The Secret to Happiness? Spend Money on Experiences, Not Things

The pursuit and purchase of physical possessions will never fully satisfy our desire for happiness. It may result in temporary fulfillment, but the happiness found in buying a new item rarely lasts.

We all feel richer on payday than we did the day before, but that instant gratification (that comes with out-of-this-world price tags, designer shoes and trendy clothes) is satisfying enough to be called addiction, or a bad habit. That guilt or the two voices over your shoulders is a sign that you know spending most or all of your paycheck on material items might not be the wisest choice.

It is important to remember the value of investing in once-in-a-lifetime experiences and precious memories with our loved ones over indulging on the next hot item, for, as they say, money cannot buy happiness.

Living means experiencing, not material objects

“One of the enemies of happiness is adaptation,” says Dr. Thomas Gilovich, a psychology professor at Cornell University who has been studying the question of money and happiness for over two decades. “We buy things to make us happy, and we succeed. But only for a while. New things are exciting to us at first, but then we adapt to them.”

So rather than buying the latest iPhone or a new BMW, Gilovich suggests you’ll get more happiness spending money on experiences like going to art exhibits, doing outdoor activities, learning a new skill, or traveling.

Gilovich’s findings are the synthesis of psychological studies conducted by him and others into the Easterlin paradox, which found that money buys happiness, but only up to a point. How adaptation affects happiness, for instance, was measured in a study that asked people to self-report their happiness with major material and experiential purchases. Initially, their happiness with those purchases was ranked about the same. But over time, people’s satisfaction with the things they bought went down, whereas their satisfaction with experiences they spent money on went up.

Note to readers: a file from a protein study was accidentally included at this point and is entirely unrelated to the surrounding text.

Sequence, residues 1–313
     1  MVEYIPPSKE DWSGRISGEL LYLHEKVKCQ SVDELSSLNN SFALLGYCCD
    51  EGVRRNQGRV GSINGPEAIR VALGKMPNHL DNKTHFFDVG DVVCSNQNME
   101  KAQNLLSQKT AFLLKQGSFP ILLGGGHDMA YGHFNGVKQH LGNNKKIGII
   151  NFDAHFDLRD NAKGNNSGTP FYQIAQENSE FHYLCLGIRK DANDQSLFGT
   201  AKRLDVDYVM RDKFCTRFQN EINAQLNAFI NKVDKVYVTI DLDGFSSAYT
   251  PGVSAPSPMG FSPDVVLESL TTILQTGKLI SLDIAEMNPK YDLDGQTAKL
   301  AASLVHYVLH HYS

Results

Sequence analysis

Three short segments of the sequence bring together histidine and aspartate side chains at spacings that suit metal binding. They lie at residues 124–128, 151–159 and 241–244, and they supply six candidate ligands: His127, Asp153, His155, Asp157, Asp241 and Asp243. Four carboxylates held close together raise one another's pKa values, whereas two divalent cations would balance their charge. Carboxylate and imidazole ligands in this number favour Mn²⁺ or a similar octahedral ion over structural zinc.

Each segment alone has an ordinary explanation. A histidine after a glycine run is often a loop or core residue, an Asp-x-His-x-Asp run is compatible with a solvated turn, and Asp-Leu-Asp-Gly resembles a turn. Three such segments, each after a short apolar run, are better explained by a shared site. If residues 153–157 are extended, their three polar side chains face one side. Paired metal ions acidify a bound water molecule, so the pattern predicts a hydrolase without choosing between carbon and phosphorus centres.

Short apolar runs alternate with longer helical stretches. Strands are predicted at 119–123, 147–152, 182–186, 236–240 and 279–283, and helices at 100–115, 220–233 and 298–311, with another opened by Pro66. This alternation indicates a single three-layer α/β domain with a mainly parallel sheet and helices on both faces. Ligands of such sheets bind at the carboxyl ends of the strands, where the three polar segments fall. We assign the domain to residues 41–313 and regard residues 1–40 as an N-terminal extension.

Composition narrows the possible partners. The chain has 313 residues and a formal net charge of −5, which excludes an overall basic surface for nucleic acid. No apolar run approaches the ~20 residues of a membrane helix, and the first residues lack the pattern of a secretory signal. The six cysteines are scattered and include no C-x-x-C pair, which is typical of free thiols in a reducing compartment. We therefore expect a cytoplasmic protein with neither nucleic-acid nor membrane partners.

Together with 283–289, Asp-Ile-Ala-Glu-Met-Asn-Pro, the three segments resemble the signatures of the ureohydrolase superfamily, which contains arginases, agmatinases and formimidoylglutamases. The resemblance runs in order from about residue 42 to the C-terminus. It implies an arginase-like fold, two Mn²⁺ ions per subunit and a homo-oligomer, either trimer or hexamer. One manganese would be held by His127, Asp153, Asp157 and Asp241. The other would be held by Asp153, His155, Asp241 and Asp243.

It’s counterintuitive that something like a physical object that you can keep for a long time doesn’t keep you as happy as long as a once-and-done experience does. Ironically, the fact that a material thing is ever present works against it, making it easier to adapt to. It fades into the background and becomes part of the new normal. But while the happiness from material purchases diminishes over time, experiences become an ingrained part of our identity.

“Our experiences are a bigger part of ourselves than our material goods,” says Gilovich. “You can really like your material stuff. You can even think that part of your identity is connected to those things, but nonetheless they remain separate from you. In contrast, your experiences really are part of you. We are the sum total of our experiences.”

If even the greats say so, maybe you should at least just try cutting the need for material things and instead, use that plastic card on a trip to a place you’ve never been. You might be surprised at how much more value you gain in your life.